French grocers have benefitted from purchasing alliances, but as the discounters squeeze margins, could UK retailers employ similar tactics?

As the growth of online shopping and the rise of the discounters continue to squeeze grocers’ margins, some may be asking themselves whether they have the right commercial operating model in place to succeed in this climate, or if they need to implement new ways of working.

One interesting development across the Channel is the introduction of purchasing alliances, which French grocers have adopted to drive innovation and efficiency.

Buying in bulk

In 2014, Auchan announced a partnership with Metro Group, which permitted joint supplier negotiations of certain private-label products. Carrefour formed a similar alliance with Cora, covering branded products across grocery and general merchandise.

The benefits to such partnerships are obvious. Pooled volumes give retailers a stronger position for negotiating lower prices, while collaboration can fuel innovation and product development. Operating in the same geographies also means that retailers benefit from a reduction in logistics costs.

For suppliers, the arrangement should enable them to supply at lower costs and boost product margins. Ultimately, customers should benefit from lower prices and new products, too.

Double-edged sword

Yet the implementation of such agreements can be fraught with difficulty. While stronger buying power will force suppliers to become more efficient, at what point does such power have a detrimental effect on the supplier base?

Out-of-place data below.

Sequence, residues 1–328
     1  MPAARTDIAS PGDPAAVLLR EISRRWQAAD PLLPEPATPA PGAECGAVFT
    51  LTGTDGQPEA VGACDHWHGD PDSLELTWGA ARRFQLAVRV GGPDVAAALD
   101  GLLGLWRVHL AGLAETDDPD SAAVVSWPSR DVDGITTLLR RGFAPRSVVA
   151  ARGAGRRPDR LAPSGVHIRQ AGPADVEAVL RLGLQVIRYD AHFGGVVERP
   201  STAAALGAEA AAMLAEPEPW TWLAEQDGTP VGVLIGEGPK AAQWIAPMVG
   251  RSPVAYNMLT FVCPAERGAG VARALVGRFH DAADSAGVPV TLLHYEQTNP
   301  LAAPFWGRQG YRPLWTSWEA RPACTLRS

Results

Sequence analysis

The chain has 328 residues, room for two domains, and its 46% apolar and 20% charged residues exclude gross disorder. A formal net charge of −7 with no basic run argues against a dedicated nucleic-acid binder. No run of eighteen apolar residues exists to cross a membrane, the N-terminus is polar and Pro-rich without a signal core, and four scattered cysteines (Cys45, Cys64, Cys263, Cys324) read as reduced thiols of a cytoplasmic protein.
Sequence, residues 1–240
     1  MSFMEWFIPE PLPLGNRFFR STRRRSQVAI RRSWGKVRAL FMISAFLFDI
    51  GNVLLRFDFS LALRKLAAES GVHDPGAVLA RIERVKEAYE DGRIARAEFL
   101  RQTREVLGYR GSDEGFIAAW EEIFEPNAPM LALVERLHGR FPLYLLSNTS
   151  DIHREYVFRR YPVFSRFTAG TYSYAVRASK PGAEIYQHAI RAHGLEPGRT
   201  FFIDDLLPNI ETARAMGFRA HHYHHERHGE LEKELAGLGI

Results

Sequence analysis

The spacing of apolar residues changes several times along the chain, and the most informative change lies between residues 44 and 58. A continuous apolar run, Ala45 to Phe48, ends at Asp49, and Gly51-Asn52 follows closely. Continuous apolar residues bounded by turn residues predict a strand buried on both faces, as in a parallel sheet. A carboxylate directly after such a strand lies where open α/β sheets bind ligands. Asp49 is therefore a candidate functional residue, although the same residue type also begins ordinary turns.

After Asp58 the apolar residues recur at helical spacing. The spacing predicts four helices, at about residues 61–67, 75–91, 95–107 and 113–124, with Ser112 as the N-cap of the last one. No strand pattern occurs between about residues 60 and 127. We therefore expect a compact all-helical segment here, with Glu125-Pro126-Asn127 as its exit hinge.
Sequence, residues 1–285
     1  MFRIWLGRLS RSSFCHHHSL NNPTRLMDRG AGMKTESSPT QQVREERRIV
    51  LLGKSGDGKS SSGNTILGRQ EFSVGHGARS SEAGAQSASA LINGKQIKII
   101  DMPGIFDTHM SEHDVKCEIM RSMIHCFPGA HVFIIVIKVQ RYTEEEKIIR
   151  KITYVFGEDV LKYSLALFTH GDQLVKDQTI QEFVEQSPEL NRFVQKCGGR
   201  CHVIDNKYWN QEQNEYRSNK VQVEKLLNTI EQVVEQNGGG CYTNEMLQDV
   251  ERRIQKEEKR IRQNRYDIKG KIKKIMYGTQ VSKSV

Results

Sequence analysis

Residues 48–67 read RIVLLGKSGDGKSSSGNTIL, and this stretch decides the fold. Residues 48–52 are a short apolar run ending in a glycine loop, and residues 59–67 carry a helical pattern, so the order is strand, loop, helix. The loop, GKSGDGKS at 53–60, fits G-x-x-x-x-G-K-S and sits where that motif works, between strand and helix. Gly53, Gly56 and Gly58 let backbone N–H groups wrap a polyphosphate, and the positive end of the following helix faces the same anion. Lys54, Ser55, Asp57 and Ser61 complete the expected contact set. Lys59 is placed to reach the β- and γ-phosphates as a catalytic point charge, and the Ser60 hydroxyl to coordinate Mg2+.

Carrefour has entered into a purchasing alliance with Cora over grocery and general merchandise supplies

Both Carrefour and Cora insist they will maintain separate commercial and pricing policies, but with promotional negotiations linked to volume and pricing agreements, it’s difficult to see how the dangers of collusion and information leaks can be avoided.

National competition authorities will also closely evaluate attempts to consolidate buying power to protect smaller retailers and suppliers. While the Carrefour–Cora agreement does not extend to fresh produce, nor to small and medium-sized businesses, there will be an indirect impact on those who are part of branded product supply chains.

Heading to the UK?

The alliance between Carrefour and Cora has now created four key players within the French market, with a 90% share combined. As the market was previously fragmented, it is within this context that the success of purchasing partnerships must be viewed.

“In a climate where the buyer-supplier relationship is subject to increased scrutiny, any attempts to  shift the balance  would be given short shrift”

Nick Jones, Capgemini Consulting

The grocery market in the UK is arguably different, with discounters only now pressing ahead with aggressive expansion, but who would look to create such an alliance?

With close to 30% of the market share, Tesco is an unlikely contender. Aldi, Lidl and Asda already achieve significant scale due to the global reach of their parent companies.

With smaller scale and market share, it’s more likely that Sainsbury’s, Morrisons and Waitrose have the greatest potential to benefit. Whether that’s feasible is another question, for in a climate where the buyer-supplier relationship is subject to increased scrutiny, any attempts to significantly shift the balance of power would be given short shrift.

While the French and UK markets might require different solutions, the challenges remain the same – mastering commercial excellence in a new era of retailing, focusing on the right structure, processes, tools and knowledge, and evolving them.

Purchasing alliances might be the solution here, but given the legal sensitivities, the go-ahead will very much depend on the lawyers.

  • Nick Jones is a senior consultant in multichannel retail at Capgemini Consulting